Generally speaking, I love being a college professor. It's the most rewarding job I've ever had. I get freedom, I'm (relatively) well-paid, I can leverage against my own time and seek out my own understandings, and I get to work with a class of young people who are motivated to make the future a better place for themselves and for society in general. I have seen success stories and I have seen the fires of ambition, knowledge, and understanding lit in the faces of many of my students. It keeps me coming back for more, quite honestly.
But... but. There are things to hate about being a college professor as well. When I was first interviewed over the phone for this position my now boss, following a script we use for phone interviews, asked what I thought the worst part of the job was going to be. I answered that probably grading was going to be the worst part of the job. Oh naievite. I still don't relish grading, but experience is ready to answer that question anew
First, I'm undervalued. This is a thing I can handle. I've had a baptist upbringing and it may just be that baptist guilt (often well-deserved, mind you) is second only to guilt of a catholic nature. I can handle (mostly) being undervalued by society at large, and I get how that undervaluing of expertise is fomented in a society that prides itself as egalitarian to a fault (nevermind that that whole thing is a myth so that the scrupulous class can maintain it's power in the face of its own hypocrisy); I know that I may be blamed by politicians and mandated into ineffectiveness; and I know that as long as the academy is seen as a business then administrators will make decisions that don't make sense to me and that equally as long as the academy is supposed to be the driver of the economy (in lieu of a regulatory environment that actually supports innovation, rather than quashing it) I'll always fall short of societies expectations.
I can't impart knowledge, I'm not responsible for people's educations, I've never been able to MAKE anyone learn or do anything they didn't want to do. I can't even make people respect the reason they came to college in the first place. As long as I'm going to be solely responsible for ensuring these things I will be a failure. Mind you, I don't think myself a failure, because I know the proper metrics to use for measuring success.
But it's that last part, not being able to make people respect why they came to college in the first place that is the most galling.
I know several of my students are cheating in one of my classes. (I'll be no more specific than that, mind you.) These students started turning in good work, rather suddenly. At first I thought, great job! Maybe this is one of those instances I work and live for where I'm making a difference. But, as the trend continued, I began to notice something troubling. The answers weren't just right, they were pristine; they were shockingly like the answers given to the professor by the book's publisher. I know this because I'm not an idiot. I know this because I check my own answers against the book's resources and will even sometimes show the book's answer in class if I think they've done a particularly clear job (not always the case) of solving the problem. But, what's hung my students is not just that, but that the book will sometimes give extra information; do extra work, not asked for in the question... just an added bonus. These parts have been showing up in the student work as well, fully formed, verbatim.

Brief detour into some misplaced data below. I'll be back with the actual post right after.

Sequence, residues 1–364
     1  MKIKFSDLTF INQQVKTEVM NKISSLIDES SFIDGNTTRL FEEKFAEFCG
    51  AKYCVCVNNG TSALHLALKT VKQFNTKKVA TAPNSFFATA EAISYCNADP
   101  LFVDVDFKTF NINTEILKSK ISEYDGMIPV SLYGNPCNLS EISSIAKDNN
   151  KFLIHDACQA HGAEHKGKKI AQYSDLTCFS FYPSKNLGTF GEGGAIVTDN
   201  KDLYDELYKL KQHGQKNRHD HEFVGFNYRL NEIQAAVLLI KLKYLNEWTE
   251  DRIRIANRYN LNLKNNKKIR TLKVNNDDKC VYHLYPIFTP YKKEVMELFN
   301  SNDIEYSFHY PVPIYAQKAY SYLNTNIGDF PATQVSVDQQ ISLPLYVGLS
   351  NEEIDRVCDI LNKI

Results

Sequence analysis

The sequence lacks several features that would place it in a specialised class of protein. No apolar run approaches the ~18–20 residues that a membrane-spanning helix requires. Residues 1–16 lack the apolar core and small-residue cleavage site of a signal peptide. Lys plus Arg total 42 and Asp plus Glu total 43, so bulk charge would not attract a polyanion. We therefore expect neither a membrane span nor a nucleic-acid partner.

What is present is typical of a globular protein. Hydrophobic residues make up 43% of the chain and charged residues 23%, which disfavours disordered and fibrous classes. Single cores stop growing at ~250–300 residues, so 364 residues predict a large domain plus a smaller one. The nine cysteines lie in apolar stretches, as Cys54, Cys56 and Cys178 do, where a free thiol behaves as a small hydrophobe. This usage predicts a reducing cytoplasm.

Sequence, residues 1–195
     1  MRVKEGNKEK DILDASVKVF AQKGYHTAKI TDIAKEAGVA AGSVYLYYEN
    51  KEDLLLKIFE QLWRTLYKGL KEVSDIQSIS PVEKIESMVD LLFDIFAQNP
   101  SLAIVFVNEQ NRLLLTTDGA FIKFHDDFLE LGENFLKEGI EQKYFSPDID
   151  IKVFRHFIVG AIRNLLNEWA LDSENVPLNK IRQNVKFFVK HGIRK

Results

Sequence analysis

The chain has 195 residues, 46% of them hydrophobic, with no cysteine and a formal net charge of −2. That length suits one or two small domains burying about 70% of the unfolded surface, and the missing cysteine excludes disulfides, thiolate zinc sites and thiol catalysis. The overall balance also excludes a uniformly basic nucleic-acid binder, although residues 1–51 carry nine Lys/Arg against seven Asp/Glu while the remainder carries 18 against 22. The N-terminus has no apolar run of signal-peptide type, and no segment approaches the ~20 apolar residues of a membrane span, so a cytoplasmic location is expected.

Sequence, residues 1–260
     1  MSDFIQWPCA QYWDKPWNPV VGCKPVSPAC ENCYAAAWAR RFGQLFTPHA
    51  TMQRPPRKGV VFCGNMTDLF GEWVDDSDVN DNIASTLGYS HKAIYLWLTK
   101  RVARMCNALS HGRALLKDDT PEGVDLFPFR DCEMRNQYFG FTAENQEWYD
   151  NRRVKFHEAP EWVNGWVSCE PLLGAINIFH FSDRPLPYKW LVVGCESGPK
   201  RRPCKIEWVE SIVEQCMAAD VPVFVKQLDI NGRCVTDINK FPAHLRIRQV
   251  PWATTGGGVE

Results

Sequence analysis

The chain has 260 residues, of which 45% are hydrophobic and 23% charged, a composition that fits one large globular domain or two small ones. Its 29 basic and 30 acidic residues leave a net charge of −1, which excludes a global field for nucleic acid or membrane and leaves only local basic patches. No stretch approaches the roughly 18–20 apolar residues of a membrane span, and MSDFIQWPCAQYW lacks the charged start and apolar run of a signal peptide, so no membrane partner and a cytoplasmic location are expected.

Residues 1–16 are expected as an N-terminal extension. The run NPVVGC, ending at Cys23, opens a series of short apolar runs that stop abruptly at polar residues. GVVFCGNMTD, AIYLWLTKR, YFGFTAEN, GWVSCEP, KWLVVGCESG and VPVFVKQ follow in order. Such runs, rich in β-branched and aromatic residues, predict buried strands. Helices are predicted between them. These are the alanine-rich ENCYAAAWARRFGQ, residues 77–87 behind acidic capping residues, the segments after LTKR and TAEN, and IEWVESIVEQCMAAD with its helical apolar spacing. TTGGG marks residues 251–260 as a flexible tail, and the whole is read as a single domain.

What a waste! To be afforded such an opportunity and then to throw it back in the faces of people who work hard for your benefit? To treat me like I'm an idiot? To say it makes my blood boil is an understatement.
And what's more, you're not only hurting yourself (a self-inflicted wound is bad enough) but your dragging down everyone around you who knows the importance of academic honor, who knows how fragile the degree your receiving is, who knows that the earner of the degree is just as responsible for its value as its bestower. You're hurting everyone, least of all yourself, and your patting yourself on the back, laughing internally about how smart you are because you can go online and look at one of the literally hundreds of resources where lying cheater scumbags just like yourself can go to defile yourself and all of academia. Aren't you smart; look how you've played the system.
The bitterest pill is this. I'm meant to encourage my students to do the hard work its going to take, to exercise the discipline it requires to learn some of the hardest material on campus, and so I do that by offering a lot of homework, sacrificing of my time in answering questions and directing inquiry into that homework, and I make the homework worth a significant portion of the final grade. But, the way to stop cheaters is to not do any of that and to make homework worth very little if anything.
So, congratulations, you've put me in a pickle. I can either stop you cheating bottom feeders, parasites that you are, and adopt a sink or swim attitude that hurts my ability to encourage students to perform at their highest; or I can continue on, watching all our hard work be defiled and rendered meaningless by the actions of a few.
It's decisions like these that are the worst part of my job.